CHAPTER 41: YIELD
Yield is defined as the edible usable part of a food item / raw material, which is available
after preparation / pre preparation and cooking.
A standard yield is the yield obtained when an item is processed as per the particular
standard methods of preparation, cooking and portioning of an establishment.
• To establish a standard for the quantity and number of portions obtainable from a
specific item of food.
• To establish a standard for comparison with operating results and thereby measure
the efficiency of the production departments.
• To establish an objective method of further evaluating standard purchasing
• To establish a standard cost factor for the item of food.
• To assist in menu costing and pricing.
• To assist in converting forecast requirements into raw material requirements.
IMPORTANCE OF YIELD
Yield testing and yield factors are important for ant establishment for the following
• To determine product pricing.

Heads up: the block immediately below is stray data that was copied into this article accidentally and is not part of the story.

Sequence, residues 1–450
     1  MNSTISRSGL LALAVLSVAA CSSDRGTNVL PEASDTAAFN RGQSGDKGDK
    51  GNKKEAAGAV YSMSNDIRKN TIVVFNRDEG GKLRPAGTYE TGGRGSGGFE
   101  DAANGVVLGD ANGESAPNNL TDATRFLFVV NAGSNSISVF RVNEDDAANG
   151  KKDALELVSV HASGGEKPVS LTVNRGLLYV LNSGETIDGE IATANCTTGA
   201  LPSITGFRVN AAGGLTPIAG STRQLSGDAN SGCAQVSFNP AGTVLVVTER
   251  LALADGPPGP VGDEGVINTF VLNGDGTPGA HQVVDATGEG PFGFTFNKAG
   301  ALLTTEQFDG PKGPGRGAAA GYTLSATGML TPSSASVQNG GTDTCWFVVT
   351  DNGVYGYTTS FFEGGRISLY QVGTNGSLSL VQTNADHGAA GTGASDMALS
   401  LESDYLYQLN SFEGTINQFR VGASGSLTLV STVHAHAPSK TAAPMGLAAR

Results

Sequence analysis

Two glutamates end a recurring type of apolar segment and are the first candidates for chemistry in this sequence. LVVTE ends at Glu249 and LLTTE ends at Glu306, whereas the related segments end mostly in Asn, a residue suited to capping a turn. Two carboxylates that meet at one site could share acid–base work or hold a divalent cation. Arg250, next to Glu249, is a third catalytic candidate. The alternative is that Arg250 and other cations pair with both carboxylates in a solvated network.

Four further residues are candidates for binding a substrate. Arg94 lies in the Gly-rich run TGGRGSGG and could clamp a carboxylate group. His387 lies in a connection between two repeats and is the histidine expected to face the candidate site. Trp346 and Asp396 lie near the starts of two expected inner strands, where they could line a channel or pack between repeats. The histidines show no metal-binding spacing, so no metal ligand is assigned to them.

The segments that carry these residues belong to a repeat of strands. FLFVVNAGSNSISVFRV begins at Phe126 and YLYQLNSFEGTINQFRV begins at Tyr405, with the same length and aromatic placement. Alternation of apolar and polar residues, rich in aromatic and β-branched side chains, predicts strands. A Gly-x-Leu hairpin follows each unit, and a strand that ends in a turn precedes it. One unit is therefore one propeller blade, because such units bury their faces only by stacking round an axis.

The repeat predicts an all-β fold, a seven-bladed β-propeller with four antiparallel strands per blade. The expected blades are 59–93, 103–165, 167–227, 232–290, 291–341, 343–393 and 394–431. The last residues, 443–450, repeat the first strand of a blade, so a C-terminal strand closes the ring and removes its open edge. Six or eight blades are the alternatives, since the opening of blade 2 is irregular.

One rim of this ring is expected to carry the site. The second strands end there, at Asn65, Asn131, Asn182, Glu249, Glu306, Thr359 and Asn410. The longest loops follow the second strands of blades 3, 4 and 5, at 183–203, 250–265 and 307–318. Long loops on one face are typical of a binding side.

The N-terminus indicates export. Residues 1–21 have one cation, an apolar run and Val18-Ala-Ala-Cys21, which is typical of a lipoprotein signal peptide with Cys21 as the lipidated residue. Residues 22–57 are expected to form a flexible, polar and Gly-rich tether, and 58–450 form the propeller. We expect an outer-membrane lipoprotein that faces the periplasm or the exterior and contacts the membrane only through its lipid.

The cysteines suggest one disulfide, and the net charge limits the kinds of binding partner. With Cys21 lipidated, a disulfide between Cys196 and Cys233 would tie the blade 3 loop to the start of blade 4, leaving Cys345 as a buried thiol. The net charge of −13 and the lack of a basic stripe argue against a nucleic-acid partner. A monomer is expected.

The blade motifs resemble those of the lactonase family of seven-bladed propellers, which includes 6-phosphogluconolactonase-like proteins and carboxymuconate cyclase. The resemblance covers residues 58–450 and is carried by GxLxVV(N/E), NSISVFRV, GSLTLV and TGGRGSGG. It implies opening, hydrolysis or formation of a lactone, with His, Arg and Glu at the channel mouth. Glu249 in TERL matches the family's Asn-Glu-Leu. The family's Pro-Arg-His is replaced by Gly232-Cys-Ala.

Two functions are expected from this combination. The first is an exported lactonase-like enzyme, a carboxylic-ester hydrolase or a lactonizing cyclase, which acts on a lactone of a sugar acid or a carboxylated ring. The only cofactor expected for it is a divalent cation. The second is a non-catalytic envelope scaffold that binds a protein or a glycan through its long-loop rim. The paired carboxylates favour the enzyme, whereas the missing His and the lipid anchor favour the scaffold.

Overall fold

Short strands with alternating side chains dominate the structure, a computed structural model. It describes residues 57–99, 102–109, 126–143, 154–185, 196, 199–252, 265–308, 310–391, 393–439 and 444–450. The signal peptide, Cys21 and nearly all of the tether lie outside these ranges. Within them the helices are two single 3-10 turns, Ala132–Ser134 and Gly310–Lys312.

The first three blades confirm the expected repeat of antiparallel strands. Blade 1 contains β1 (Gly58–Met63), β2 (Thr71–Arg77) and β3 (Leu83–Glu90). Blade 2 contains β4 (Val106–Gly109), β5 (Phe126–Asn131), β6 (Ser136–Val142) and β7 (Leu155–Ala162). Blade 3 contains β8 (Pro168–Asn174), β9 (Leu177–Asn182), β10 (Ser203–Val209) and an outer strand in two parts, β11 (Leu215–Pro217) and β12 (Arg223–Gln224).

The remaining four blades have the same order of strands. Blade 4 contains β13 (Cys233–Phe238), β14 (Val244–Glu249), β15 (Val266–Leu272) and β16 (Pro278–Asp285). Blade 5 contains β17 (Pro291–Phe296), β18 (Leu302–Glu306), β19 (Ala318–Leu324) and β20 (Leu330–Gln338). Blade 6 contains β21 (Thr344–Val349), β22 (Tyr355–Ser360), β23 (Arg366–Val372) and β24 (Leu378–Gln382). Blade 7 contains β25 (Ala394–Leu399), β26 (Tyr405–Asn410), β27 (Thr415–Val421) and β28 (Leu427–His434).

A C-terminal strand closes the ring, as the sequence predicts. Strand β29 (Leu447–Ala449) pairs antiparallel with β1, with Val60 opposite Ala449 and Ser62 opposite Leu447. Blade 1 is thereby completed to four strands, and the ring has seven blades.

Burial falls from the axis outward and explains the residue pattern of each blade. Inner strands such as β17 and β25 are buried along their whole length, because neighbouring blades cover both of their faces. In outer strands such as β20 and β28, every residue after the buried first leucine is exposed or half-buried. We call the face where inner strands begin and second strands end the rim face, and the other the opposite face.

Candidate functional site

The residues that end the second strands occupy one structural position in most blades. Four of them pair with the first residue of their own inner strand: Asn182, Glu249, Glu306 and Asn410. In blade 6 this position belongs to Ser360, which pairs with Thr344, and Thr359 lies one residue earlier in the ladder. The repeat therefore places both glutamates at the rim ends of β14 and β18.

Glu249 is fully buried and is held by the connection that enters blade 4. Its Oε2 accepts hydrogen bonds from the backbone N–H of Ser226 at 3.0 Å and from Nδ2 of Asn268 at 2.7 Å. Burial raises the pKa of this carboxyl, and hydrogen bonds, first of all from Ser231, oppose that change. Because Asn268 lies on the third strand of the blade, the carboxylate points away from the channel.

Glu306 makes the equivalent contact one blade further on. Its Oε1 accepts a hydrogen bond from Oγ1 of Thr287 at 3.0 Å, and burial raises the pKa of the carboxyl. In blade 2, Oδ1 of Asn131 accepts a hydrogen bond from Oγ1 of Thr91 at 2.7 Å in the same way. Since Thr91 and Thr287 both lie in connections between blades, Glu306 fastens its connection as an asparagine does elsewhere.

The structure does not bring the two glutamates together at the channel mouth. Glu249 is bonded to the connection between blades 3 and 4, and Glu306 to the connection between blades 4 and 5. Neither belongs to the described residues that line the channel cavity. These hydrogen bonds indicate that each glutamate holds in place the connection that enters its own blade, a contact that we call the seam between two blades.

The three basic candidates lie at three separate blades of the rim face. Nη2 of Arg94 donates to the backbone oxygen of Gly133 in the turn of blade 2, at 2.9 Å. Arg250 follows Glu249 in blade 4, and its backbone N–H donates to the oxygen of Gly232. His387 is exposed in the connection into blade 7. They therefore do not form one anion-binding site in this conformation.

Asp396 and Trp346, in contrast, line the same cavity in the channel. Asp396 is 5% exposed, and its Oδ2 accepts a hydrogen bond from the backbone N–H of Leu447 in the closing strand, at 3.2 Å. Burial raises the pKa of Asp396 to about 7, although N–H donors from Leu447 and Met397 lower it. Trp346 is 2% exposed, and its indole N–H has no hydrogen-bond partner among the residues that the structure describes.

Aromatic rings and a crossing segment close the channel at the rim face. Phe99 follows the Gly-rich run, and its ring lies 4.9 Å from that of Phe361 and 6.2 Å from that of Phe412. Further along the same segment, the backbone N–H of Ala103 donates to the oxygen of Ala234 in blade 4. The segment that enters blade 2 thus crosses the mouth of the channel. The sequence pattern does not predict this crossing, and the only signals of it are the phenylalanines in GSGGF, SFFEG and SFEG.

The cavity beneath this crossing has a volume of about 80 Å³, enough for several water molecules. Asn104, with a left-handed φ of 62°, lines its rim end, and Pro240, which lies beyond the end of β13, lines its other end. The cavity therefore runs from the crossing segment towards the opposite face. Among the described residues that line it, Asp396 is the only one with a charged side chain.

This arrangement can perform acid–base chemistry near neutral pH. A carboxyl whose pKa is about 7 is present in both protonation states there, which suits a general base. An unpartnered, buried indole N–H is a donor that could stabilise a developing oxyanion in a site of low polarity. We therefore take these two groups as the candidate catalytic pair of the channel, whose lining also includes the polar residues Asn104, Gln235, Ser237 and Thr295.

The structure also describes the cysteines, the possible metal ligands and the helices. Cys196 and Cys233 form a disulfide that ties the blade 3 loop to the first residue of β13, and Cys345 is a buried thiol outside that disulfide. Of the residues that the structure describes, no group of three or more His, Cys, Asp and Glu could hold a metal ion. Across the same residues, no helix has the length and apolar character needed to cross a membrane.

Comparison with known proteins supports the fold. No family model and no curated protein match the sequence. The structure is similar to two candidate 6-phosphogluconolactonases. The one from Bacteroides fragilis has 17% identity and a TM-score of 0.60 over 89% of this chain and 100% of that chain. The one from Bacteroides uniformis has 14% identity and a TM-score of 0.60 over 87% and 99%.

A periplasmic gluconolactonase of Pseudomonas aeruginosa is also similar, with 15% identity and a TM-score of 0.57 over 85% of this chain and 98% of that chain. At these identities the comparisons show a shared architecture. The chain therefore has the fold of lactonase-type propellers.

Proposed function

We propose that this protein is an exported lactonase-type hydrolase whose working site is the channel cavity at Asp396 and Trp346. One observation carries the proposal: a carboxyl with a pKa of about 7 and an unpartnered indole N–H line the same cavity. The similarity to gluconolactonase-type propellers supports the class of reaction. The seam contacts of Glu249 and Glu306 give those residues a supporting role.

• To set purchase specifications and receiving standards.
• To forecast purchase quantity and ordering levels.
• Establishing standard recipes and portion size.
• For setting control standards.
• Comparison of vendor prices and quality.
• Monitoring the usage of raw materials.
YIELD PERCENTAGE / FACTOR:
Yield percentage or yield factor is defined as the percentage of the whole purchase
unit of an item that is available for portioning after any required processing has been
This percentage or factor is calculated by dividing the portionable weight by original
weight of the item before processing.
Yield percentage = number of portions x unit portion size x 100
A yield test is performed on each item with respect to the product that needs to be
made from that item.
For example – an yield test may be done for pineapples for pineapple juice and for
Yield testing is a very time consuming but an important process as it helps the
establishment to set its own standard yields for each of the item purchased. This helps
to decide whom to purchase from, determine accurately what output each item gives
and set standards for purchase for each item.
Yield testing is defined as a technique to determine the number of portions produced
after the required processing has been performed. These processes may include